1. Kia Soul (starting msrp $15,190) Getting Liz safely around the country, here is the version I imagined her driving around in.
2. Ice Cream ($3.97 for pint) One of Liz’s favorite things on earth, ice cream has a mention in almost every chapter.
3. Urn (prices vary) After an incident in an early chapter, Liz is forced to choose another final resting place for her dead husband, Joe.
4. Ouija Board ($19.07) Somewhat reminiscent of Room 702, there is another scene involving main characters and a Ouija board.
What? Author’s can have objects they like to use.
5. Dinner at Hakkasan (Las Vegas) (prices vary) After a long visit with Aunt Suze in Nevada, Liz treats them to a final dinner together.
6. Burberry Cotton 3-Piece Set ($200) When Liz visits her (surprise) pregnant former roommate, she feels the need to spoil her friend (and eventual goddaughter).
7. Toothpaste ($3.47) Liz is notorious for forgetting toothpaste during her trip.
8. The Year of Magical Thinking ($7.47 for the Kindle version) I like the idea that Liz would read a book about another widow (and somehow feel better about her situation).
9. Gallon of gas (prices range per state and county) Given the amount of time Liz spends on the road, I’m not entirely certain how many gallons she purchases during the novel.
10. Red Sox Cap (prices vary) In honor of Joe’s beloved Sox (and Liz’s er, flawed visit to Fenway), here is what I pictured Liz wearing for much of her trip.
I’d love to read your suggestions!
Inspired by this Tumblr, I decided to make a post out of it. Of course, I realize I’m kind of working in backwards order, because most people will have heard of the other books, but I am nothing if not optimistic. (Have you picked up your copy of Life After Joe yet?)
In case you missed the news, Life After Joe is now available! I had a lot of fun writing it, and am more than ready to start getting the word out via my attempts at marketing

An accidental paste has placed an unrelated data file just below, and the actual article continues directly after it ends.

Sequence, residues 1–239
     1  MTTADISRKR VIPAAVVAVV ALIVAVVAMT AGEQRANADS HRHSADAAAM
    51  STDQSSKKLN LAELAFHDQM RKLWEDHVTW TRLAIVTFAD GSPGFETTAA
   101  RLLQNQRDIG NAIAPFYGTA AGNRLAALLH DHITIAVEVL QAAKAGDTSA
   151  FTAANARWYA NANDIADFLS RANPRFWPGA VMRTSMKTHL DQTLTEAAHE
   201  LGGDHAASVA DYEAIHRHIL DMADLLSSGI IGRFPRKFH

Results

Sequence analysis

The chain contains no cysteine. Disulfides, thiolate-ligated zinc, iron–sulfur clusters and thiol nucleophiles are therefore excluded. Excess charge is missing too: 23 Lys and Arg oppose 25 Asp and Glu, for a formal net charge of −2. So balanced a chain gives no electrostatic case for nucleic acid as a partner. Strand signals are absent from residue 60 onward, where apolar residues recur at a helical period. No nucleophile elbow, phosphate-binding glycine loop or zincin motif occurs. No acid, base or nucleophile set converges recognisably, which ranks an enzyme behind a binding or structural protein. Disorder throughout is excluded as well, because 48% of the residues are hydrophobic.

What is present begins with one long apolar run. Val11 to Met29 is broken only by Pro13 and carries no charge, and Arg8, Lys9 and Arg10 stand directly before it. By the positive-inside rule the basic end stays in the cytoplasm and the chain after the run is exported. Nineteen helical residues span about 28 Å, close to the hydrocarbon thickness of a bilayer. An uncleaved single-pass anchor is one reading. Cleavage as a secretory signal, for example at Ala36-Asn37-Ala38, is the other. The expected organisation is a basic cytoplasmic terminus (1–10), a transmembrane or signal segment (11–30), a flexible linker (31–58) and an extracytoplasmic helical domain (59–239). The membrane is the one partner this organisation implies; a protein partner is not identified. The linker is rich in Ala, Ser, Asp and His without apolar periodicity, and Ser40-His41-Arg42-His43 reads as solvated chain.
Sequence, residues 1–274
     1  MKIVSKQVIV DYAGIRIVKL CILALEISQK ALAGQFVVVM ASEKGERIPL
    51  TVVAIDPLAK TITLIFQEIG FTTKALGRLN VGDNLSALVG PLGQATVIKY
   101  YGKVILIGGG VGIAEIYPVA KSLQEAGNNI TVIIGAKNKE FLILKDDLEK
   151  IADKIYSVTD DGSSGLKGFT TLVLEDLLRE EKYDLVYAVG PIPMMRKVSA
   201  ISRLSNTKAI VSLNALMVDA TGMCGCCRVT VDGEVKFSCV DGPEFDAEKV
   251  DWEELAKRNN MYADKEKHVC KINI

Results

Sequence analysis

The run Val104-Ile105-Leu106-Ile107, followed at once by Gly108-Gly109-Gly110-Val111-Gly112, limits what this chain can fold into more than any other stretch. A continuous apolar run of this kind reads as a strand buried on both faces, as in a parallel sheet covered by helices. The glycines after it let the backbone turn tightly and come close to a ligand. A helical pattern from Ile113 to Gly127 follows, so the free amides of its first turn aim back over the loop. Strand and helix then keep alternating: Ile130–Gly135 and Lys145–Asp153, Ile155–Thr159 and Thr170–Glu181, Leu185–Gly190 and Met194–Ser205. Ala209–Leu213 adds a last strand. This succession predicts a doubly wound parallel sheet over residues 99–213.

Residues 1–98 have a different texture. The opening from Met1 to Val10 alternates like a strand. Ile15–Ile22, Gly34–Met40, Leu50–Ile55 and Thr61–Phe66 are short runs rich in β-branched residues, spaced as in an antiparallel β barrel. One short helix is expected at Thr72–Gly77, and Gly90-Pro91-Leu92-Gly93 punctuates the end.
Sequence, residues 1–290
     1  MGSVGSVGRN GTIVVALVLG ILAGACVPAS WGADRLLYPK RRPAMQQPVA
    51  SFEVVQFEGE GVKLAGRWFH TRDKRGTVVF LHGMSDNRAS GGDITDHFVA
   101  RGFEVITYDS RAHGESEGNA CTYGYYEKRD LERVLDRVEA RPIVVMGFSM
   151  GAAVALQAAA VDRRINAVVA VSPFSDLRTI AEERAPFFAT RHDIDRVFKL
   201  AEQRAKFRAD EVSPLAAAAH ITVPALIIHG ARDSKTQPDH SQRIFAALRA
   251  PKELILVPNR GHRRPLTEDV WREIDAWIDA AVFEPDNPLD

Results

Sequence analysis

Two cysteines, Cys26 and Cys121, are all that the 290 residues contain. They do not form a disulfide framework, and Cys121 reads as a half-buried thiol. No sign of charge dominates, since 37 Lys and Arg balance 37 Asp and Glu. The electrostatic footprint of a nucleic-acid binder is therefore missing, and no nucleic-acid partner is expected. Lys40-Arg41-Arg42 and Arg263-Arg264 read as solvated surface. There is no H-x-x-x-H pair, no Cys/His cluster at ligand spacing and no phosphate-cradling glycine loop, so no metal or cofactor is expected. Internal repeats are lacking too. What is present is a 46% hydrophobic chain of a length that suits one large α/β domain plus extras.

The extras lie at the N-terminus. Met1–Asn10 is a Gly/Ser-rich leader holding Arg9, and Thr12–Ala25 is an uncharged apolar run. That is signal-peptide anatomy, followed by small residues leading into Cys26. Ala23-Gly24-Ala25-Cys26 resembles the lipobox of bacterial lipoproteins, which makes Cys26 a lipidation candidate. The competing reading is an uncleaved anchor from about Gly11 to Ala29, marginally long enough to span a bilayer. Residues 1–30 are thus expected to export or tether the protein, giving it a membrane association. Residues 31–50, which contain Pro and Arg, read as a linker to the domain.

(hopefully you won’t get sick of me in the coming month, but a self published author has to hustle now and then #pimpingainteasy).Having worked in the entertainment industry, and even being accepted to USC for my MFA in Directing once upon a time, I’ve always thought cinematically about my novels. Many of the images are taken from the Pinterest board I have for the book (if you’re interested).
Liz McNeil (Emily Blunt)
I love Emily Blunt as an actress and think she would be perfect as the protagonist. Sure, she’s British and my characters are American, but she’s really who I’ve pictured while writing Life After Joe. What do you say, Ms. Blunt? Any interest in taking on this project?
Dr. Joseph ‘Joe’ McNeil (Adam Kaufman)
Although Joe is not technically alive in the book, I’d like to think a film adaptation would have room for flashbacks, etc. and for that, I’d need an actor. Furthermore, my hope is the representation of Joe is a fairly developed one, such that he feels like a ‘real’ character in the book.
Adrian Boudreaux (Theo James)
I don’t want to have too many spoilers, so let’s just say he’s an important-ish character and leave things there, shall we?
Dr. Stephen Schwartz (Logan Marshall-Green)
This is Joe’s best friend and source of great support to Liz during her trip.
There’s actually a fairly large cast in the book due to all the stops Liz makes on her trip, but these are who I see in the principal roles. Anyway, I’d be curious to hear who you pictured!